Table 4

Multivariable logistic regression analysis of socio-demographic characteristics associated with physical inactivity among obese attendants (n = 350)

Variables

No. of participants [%]

Adj. OR

95% CI

Age*

   

≤ 33

91 [26.0]

1

 

>33

259 [74.0]

2.01

1.07, 3.78

BMI*

   

≤ 33

273 [78.0]

1

 

> 33

77 [22.0]

2.30

1.12, 4.81

Marital Status

   

Single

40 [11.4]

1

 

Married

302 [86.3]

2.07

0.87, 4. 92

Widow/er

8 [2.3]

1.23

0.19, 7.74

Level of Education

   

Matric and above

226 [64.6]

1

 

Uneducated

47 [13.4]

2.05

0.82, 5.13

Below matric

77 [22.0]

1.27

0.63, 2.54

F/H of Obesity

   

No

128 [36.6]

1

 

Yes

222 [63.4]

3.51

2.05, 6.01

Interaction B/W Family structure & Gender

   

Female in nuclear family

93 [26.6]

1

 

Female in extended family

94 [26.9]

2.37

1.16, 4.92

Male in nuclear family

65 [18.6]

1.02

0.49, 2.15

Male in extended family

98 [28.0]

6.15

2.55, 13.27

* Binary categories were made after quartile analysis

Model is adjusted for monthly household income

In Table 5 distribution of responses for various barriers to physical activity among inactive study participants are reported. Among inactive participants more than a quarter admitted that they had information regarding importance of physical activity. Lack of motivation to do PA and not enjoying PA was reported by more than half of obese inactive attendants, whereas more than three-fourth reported that they did not have skills for PA. Only about a quarter of individuals reported presence of any illness that led to physical inactivity. Regarding social barriers about half of the individuals reported absence of spouse and children's support for PA respectively, while more than half reported absence of other family member's support for PA. Lack of counseling by health care provider, lack of access to places for PA, lack of cost effective facilities, lack of time and lack of safe outdoor environment to some extent were found to be important environmental barriers among inactive obese individuals.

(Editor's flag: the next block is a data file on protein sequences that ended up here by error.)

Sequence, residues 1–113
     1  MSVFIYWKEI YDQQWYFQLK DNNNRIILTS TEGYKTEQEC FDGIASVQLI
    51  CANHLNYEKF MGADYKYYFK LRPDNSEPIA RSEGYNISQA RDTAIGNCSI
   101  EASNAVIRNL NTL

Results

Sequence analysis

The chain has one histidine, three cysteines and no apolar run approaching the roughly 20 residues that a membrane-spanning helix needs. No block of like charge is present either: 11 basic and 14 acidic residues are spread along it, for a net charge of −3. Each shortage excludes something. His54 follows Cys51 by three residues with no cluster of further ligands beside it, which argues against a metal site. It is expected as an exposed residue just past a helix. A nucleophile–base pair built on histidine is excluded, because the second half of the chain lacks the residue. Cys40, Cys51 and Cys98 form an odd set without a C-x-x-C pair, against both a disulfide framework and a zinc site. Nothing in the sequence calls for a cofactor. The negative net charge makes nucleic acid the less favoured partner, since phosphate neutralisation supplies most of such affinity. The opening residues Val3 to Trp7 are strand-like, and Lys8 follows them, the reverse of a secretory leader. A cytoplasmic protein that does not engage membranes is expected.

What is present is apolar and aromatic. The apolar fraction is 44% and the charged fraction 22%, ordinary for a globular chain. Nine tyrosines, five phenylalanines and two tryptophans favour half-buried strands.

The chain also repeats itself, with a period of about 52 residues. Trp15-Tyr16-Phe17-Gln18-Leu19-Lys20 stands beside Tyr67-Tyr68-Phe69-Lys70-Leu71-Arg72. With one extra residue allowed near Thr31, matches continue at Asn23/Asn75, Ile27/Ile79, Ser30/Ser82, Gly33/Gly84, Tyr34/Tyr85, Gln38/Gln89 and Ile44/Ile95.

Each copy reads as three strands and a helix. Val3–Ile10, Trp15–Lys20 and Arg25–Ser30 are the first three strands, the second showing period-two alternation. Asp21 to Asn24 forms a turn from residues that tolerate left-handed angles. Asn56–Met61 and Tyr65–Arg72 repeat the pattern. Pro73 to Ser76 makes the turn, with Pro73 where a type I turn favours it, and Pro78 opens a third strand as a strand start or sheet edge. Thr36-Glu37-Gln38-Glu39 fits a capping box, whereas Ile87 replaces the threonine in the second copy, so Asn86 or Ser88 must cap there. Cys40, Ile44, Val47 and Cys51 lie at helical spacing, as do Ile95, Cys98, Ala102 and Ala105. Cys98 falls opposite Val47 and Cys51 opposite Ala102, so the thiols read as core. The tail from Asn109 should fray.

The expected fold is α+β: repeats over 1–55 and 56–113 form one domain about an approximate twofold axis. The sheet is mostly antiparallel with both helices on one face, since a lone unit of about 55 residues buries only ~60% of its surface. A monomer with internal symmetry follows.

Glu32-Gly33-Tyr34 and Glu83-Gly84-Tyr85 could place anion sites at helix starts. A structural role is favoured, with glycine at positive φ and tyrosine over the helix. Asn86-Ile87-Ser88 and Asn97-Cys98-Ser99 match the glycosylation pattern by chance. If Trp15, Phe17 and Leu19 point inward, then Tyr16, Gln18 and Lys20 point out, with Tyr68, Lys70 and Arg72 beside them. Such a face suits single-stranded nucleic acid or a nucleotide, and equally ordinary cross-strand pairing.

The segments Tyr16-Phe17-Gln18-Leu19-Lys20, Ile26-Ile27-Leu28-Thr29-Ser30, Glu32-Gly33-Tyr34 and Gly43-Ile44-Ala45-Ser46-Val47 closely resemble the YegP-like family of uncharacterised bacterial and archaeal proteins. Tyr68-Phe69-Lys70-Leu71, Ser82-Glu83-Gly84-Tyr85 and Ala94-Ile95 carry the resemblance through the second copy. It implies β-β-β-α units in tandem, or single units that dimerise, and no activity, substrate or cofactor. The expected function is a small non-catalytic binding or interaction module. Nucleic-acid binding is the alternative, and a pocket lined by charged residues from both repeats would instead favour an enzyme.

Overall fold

Table 5

Distribution of responses for barriers regarding physical inactivity in inactive obese attendants (n = 254)

Barriers

Responses

 

Yes

up to some extend

No

N/A

 

Numbers (%)

Numbers (%)

Numbers (%)

Numbers (%)

Personal Barriers

    

Do you have information about the importance of physical activity?

72 (28.3)

126 (49.6)

56 (22.0)

-

Do you have motivation to do physical activity?

91 (35.8)

22 (8.7)

141 (55.5)

-

Do you enjoy physical activity?

103 (40.5)

19 (7.5)

132 (52.0)

-

Do you have skills to do physical activity?

20 (8.3)

18 (7.1)

216 (84.6)

-

Do you feel embarrassed while doing physical activity?

18 (7.1)

3 (1.2)

233 (91.7)

-

Do you have illness/illnesses which interfere with physical activity?

67 (26.4)

 

187 (73.6)

-

Social Barriers

    

Do you have spouse's support to do physical activity?

102 (40.2)

9 (3.5)

122 (48.0)

21 (8.3)

Do you have children's support to do physical activity?

88 (34.6)

9 (3.5)

116 (45.7)

41 (16.0)

Do you have other family member's support to do physical activity?

87 (34.3)

9 (3.5)

158 (62.2)

-

Environmental Barriers

    

Have you been counseled about importance of physical activity by your doctor?

98 (30.0)

101 (34.0)

55 (36.0)

-

Do you have access to places to do physical activity?

64 (25.2)

13 (5.1)

177 (69.7)

-

Do you have cost effective facilities for physical activity?

72 (28.3)

54 (21.3)

128 (50.4)

-

Do you have safe outdoor environment to do physical activity?

120 (47.2)

108 (42.5)

26 (10.3)

-

Do you have time for physical activity?

114 (44.9)

-

140 (55.1)

-

Discussion

Obesity and physical inactivity are growing problems that are associated with major health problems. To the best of our knowledge, this is the first study to assess the prevalence of physical inactivity in obese individuals, and to determine the barriers to physical activity in inactive obese individuals in Pakistan.